Sometimes we use a combination of two words together frequently enough throughout our everyday language that the two essentially become one; we cease to hear the two words as words on their own, and instead hear the two words as a single amalgamated word. It’s a case of near portmanteau-hood.
When this happens it can be helpful to step back from our everyday use of that combination of two words, and slow down to hear the content of the phrase — to stop and smell the roses, so to speak, which here means stopping to hear the separate words.
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The best, most germane-here example of this concept is the phrase Social Security — something I’ve been mentioning a lot of late in the John Friedman Financial Blog (here, here, here and here, to name just the most recent mentionings).
So ask yourself this: when you said the phrase “Social Security” in your head right now as you read the paragraph above (or, for that matter, as you read it now), did you actually hear the two words — first the word social and then the word security — or did you simply hear the word socialsecurity, all conjoined and all said-as-one, lickety-split?
My hunch is that most folks hear the phrase as a onesy rather than as a twosy.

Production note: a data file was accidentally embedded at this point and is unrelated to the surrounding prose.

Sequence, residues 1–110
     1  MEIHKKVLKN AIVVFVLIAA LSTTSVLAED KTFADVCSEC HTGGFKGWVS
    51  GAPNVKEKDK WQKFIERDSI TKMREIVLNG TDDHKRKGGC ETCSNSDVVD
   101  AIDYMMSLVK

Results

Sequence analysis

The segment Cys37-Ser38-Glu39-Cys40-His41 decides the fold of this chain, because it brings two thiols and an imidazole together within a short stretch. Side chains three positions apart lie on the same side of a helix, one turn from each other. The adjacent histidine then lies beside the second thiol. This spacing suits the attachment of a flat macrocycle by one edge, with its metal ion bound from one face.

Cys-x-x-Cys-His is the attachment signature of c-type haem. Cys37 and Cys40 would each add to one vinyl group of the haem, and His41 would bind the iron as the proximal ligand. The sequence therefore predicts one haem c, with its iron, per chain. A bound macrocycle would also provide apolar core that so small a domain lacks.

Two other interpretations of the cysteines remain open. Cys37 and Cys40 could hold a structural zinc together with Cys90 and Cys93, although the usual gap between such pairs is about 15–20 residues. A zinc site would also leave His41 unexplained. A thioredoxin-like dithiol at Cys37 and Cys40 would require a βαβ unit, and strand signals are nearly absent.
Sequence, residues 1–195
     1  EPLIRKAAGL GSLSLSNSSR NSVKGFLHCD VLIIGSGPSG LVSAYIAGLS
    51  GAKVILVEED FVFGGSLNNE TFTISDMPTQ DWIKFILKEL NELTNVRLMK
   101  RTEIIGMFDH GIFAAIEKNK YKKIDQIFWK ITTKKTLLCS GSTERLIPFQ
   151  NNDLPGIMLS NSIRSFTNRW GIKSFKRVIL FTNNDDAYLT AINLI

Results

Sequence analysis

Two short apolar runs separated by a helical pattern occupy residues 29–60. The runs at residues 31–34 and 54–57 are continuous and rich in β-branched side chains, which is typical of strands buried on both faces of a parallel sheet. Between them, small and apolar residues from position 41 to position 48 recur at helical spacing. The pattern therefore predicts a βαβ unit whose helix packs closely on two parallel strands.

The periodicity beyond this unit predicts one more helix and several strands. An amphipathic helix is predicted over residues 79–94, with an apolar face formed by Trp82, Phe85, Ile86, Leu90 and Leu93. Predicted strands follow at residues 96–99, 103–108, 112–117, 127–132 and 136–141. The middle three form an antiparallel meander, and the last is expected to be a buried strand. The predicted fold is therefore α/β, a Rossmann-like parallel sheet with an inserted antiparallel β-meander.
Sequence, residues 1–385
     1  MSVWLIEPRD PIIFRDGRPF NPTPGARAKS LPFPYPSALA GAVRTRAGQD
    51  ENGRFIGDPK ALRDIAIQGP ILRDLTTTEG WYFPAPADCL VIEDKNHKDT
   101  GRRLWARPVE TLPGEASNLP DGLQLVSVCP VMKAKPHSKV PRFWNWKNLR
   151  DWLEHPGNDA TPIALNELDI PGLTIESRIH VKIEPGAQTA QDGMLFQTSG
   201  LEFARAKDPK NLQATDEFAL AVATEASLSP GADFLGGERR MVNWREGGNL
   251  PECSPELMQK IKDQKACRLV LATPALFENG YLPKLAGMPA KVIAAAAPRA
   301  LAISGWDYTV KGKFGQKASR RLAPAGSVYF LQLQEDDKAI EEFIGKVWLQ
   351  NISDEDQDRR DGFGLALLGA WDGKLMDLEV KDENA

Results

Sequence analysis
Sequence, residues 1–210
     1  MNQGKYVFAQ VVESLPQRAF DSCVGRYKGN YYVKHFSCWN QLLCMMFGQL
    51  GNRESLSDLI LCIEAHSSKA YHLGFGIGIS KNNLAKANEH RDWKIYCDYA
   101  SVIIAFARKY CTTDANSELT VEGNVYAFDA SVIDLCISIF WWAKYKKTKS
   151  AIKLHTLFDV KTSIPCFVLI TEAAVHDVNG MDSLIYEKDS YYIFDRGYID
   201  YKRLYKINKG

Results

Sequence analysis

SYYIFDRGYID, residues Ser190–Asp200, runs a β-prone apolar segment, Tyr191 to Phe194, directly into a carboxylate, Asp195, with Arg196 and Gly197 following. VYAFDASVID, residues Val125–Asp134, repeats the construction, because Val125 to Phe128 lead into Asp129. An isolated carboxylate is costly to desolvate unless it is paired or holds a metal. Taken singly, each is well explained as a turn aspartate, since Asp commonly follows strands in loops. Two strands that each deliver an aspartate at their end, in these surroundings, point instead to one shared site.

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It needn’t be that way.
Think of it: there’s the social part (the part that involves all of us pooling our interests and risks together, just like car insurance companies and life insurance companies pool our interests and risk together), and then there’s the security part (the part that helps ensure that, throughout our lives, we have fewer fears of financial enfeeblement in our retirements and in the retirements of our loved ones than would otherwise be the case).
So next time you hear the phrase Social Security, please think about stopping for a moment to consider how, by truffling a vig off of each and nearly all (social) of our paychecks (with some exceptions for paychecks of high-earners and of a few folks not contributing to the system . . . ), we each and nearly all (social) ante up into a kitty that’s more or less owned by each and nearly all (social) of us, which in turn makes it easier for each and nearly all of us (social) to enjoy our and our loved ones’ later years, and have those years be something other than financially terrifying (security), with the end result being that we are all less apt to be a burden on family members and they on us, or, for that matter, we or they being a burden on anyone else around us (social and security).
So ya’got’ch’yer social and ya’got’ch’yer security — two words which, taken together, have made a big difference in our lives and in those of our loved ones.
From here on, then, as you go about using the everyday language of socialsecurity, please do stop from time to time to hear those two words — social and security — each on its own, won’t’ch’ya please?